Since age 13, I had slowly saved up my money, emptying jean pockets in the laundrey room until I had the right amount to go buy his most recent CD. I took my tacky, beat up portable CD player to bed with me every night, letting his flawless tenor seep through me in lullaby form. I would wake up strangled by my headphones with dead batteries in the CD player, but I would be happy.
I had memorized every song that he ever produced. It was my dream to sing with him someday on stage. I knew the words to every duet he ever participated in. I imagined someday getting the chance to attend one of his concerts. They would have a contest similar to contests in movies. They would draw a ticket, and one lucky audience member would get the opportunity to go and sing a duet with him. I would be the one to win, of course, and I would sing the duet. People would remark how wonderful we would sound and look together, and I would finally be discovered. We would continue singing duets together forever.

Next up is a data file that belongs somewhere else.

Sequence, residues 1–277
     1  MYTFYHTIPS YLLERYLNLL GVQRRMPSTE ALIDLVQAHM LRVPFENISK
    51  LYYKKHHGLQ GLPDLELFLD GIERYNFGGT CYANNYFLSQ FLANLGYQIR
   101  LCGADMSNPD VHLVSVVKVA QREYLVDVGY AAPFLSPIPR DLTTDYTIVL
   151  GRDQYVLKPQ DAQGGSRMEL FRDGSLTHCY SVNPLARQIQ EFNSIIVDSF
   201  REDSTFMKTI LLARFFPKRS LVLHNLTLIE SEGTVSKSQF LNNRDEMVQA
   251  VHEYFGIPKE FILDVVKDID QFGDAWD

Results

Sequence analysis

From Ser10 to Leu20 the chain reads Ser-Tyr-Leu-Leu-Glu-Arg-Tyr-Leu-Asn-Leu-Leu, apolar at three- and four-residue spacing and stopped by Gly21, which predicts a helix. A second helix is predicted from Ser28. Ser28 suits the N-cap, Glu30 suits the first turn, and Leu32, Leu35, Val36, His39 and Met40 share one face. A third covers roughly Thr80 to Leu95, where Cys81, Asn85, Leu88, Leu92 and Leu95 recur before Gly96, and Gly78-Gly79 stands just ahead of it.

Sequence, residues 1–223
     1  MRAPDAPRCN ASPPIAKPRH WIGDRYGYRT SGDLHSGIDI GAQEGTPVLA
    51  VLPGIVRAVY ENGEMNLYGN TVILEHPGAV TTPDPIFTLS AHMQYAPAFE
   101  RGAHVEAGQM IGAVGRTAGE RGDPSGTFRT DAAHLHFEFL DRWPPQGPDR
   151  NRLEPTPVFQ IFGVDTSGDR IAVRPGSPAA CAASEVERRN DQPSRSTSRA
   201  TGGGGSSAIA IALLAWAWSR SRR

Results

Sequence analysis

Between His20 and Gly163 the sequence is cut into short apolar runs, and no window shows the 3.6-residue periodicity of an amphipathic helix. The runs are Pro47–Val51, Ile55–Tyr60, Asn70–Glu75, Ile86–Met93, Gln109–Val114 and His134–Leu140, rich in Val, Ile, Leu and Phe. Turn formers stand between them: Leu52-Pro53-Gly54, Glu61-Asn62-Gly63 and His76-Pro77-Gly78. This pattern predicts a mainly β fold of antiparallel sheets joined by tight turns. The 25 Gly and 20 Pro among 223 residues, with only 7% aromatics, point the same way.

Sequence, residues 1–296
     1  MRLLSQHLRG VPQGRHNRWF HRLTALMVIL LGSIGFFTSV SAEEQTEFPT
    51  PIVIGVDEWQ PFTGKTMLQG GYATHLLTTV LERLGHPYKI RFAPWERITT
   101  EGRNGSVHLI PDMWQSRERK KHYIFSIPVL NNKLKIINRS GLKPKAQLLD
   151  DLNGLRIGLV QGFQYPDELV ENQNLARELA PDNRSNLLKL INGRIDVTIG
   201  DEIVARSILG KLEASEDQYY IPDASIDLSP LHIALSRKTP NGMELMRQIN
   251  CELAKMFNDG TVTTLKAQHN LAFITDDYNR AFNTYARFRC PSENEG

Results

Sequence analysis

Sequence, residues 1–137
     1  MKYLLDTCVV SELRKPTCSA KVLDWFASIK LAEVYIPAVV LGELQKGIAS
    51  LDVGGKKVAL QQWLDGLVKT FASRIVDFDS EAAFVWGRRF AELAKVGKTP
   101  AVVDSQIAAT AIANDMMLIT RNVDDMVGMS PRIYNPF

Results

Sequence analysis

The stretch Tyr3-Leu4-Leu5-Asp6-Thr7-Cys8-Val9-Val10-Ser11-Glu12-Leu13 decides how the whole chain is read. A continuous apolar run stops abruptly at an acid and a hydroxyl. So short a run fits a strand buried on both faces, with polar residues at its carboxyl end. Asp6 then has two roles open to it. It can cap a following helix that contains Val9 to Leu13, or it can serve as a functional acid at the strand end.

I had decided by age 15 that he was the man I would marry no matter what.
For my 16th birthday, my grandparents gave me the ultimate gift. It wasn't a car; it wasn't an iPod; they spent around $300 and took me to his concert.
We sat in Row 22, Section F. Though not great seats by any means, I was there. I was there, and he was there, and he would sing.
He wasn't onstage immediately; the lights dimmed and the first chords of his most popular song rang out through the arena. My eyes clouded over with tears. I was so happy.
I'll never forget that night.